These little add-ons, are as easily avoidable, as they are readily available and convenient to travellers. Perhaps if these costs were actually hidden within the ticket price, as per a normal air ticket, we might not feel that ripped off after all. Then why break up these costs? Why give people the option? Do airlines make a profit from these ancillary goods? With the demand for low cost carriers constantly being on the rise, especially in APAC where travel is often relatively short distanced, it does prove that people would pay for choices and transparency. Maybe it is a matter of camouflaging the hidden costs by making them ‘transparent’ and separate. Either way, the more comfortable you want to feel on board, the more you’ll have to pay, whether you see the costs or not. 

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Keeping it a mystery

The XX  – Stars

The research is endless, with so much you can read online, on blogs, news sites, travel sites etc. Everyone who’s been is more than happy to share their take of the place with you, what you should look out for, what’s good to try. It’s exciting as hell, with all the planning, but this just raises the expectations subconsciously. Don’t get me wrong, these are definitely note-worthy tips and insights to remember, but every experience in itself is unique.

The Top 13 places, as recommended by The New York Times, to rub shoulders with Melbourne’s ‘it’ crowd, to eat, breathe and live the culture seems enticing. Sure, all these planning seems to give this trip some order, but how much of it will i possibly follow? Being the free-spirited girl I am, having some sort of plan always puts restrictions to things. Isn’t travel all about discovering new sights, sounds and meeting all sorts of people who come your way?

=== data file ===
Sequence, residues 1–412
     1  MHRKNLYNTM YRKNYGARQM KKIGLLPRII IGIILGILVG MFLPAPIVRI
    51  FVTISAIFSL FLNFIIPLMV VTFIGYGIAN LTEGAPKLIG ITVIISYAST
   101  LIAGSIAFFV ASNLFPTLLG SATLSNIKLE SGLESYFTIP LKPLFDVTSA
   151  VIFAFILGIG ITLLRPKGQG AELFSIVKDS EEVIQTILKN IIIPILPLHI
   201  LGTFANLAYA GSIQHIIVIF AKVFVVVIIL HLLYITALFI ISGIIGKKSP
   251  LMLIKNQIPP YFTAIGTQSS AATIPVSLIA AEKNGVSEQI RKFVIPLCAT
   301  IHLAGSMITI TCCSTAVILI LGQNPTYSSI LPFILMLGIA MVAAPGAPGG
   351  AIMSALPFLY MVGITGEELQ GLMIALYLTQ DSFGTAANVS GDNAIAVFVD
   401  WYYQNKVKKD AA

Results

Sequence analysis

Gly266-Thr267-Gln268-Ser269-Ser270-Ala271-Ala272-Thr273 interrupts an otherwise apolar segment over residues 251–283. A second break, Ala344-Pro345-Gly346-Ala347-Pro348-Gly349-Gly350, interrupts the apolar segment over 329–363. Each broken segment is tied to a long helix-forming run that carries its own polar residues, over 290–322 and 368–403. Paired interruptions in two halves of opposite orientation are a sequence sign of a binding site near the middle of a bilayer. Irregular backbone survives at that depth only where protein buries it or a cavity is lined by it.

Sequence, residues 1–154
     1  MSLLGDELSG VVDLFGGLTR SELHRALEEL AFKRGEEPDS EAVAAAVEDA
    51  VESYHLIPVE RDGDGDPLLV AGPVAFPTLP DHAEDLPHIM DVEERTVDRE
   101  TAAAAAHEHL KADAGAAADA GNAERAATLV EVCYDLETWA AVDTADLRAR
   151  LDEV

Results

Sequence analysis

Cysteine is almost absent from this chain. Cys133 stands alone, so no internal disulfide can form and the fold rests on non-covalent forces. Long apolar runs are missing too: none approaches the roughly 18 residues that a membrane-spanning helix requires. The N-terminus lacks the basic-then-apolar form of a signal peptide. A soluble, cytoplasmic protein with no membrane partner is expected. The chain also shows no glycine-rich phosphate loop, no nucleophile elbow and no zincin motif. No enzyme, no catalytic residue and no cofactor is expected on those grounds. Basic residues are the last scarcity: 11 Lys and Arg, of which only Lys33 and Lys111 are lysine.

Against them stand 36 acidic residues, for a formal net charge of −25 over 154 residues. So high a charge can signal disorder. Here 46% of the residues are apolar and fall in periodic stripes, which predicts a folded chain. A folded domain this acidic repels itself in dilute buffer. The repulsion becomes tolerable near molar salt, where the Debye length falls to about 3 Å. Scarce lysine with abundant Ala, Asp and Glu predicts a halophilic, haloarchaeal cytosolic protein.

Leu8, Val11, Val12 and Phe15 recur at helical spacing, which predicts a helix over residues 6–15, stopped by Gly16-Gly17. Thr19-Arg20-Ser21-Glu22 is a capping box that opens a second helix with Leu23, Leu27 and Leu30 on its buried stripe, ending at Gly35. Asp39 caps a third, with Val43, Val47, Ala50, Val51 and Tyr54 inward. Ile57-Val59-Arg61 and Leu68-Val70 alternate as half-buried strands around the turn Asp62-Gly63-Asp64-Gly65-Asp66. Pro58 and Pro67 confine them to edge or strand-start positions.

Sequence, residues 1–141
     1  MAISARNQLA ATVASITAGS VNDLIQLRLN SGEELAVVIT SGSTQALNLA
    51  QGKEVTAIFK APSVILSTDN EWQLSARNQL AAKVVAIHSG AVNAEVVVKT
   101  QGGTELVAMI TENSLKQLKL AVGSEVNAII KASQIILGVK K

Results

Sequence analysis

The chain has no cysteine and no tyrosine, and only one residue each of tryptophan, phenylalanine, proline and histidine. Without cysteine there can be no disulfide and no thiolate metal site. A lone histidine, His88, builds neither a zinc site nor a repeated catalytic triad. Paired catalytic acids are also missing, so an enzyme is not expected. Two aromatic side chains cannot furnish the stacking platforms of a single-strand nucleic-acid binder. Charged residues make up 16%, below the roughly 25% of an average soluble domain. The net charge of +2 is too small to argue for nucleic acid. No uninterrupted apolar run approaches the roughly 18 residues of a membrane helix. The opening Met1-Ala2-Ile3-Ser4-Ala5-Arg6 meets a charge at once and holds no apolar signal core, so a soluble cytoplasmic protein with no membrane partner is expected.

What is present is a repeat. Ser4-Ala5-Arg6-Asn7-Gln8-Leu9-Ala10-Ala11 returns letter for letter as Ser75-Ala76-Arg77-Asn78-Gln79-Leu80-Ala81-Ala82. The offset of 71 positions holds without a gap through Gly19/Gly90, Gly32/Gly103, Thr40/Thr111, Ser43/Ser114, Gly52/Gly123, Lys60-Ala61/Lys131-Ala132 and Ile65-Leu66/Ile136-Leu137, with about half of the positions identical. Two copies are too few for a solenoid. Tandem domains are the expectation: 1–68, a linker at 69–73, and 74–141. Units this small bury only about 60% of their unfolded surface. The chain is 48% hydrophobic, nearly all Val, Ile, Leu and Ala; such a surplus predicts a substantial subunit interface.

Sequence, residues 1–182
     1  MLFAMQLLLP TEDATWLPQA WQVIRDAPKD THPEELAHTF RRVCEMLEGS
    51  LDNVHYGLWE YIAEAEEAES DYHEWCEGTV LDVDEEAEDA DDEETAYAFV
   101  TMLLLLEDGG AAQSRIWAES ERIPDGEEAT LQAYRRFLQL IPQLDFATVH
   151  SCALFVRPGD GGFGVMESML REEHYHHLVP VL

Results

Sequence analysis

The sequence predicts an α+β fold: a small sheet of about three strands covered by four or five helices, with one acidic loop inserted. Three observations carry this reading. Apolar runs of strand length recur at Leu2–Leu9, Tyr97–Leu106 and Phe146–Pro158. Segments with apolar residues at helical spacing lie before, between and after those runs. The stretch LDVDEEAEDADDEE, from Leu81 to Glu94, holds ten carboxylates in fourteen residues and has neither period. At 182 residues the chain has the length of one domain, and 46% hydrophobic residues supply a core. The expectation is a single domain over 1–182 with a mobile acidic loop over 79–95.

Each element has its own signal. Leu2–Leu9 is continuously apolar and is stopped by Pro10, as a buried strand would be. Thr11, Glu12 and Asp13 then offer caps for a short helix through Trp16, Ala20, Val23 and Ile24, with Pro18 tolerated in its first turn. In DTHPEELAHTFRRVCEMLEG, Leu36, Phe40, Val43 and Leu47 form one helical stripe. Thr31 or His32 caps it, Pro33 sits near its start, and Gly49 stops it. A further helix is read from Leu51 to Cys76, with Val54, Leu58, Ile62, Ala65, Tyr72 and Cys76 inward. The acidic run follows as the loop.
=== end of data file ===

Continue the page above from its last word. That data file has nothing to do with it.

I had always thought the fun and excitement came from the great unknown, the mystery in foreign land that you know nothing about, and the moment where you encounter everything for the first time. Planning sets expectations, and expectations often lead to disappointment because the greed in our human nature always asks for more, and thus, is never satisfied. Pictures are edited, experiences are personal and subjective, reviews might have an agenda, and travel sites market only the best. These ‘farang’ areas are usually the eye shadows, mascara, and concealers of a city. It is what makes a city look beautiful and appealing, not exactly what it really is. To me, it’s the hidden imperfections that gives a place character, the tucked away gems that adds that spark in the eyes, and the rustic rugged edges that gives it the charm and demeanor it possesses.

Sure there are places to go, sights I would like to visit, but the whole mystery of what the place is actually like, how it smells, the bustling crowd or the serene nature of it always intrigues me. I’d rather have no clue about what to expect than to go with a check list of things I’d like to tick of.

For now, browsing through all these sites just makes me more anxious of jumping on that plane!

 

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In Black and White

Good Days Bad Days – Kaiser Chiefs

A girlfriend of mine shared this with me, and trust someone to come up with something so apt! Well if only it was all that simple hassel free. That said, this is so perfect for a ladies night out-ish type of party. no it’s not for me, i just found this amusing! i’m sure there’s one out there for the boys as well.

Imagine the whole process it cuts out, the pin-drop-awkward silences, the “no-thank-you-i’m-trying-to-be-polite-here” smiles, the shut-up and drink up moments. On the flip side, can the things that really attract you, the tingles in your fingers, the coy gaze, and that twinkle in the eye, really be penned down and documented?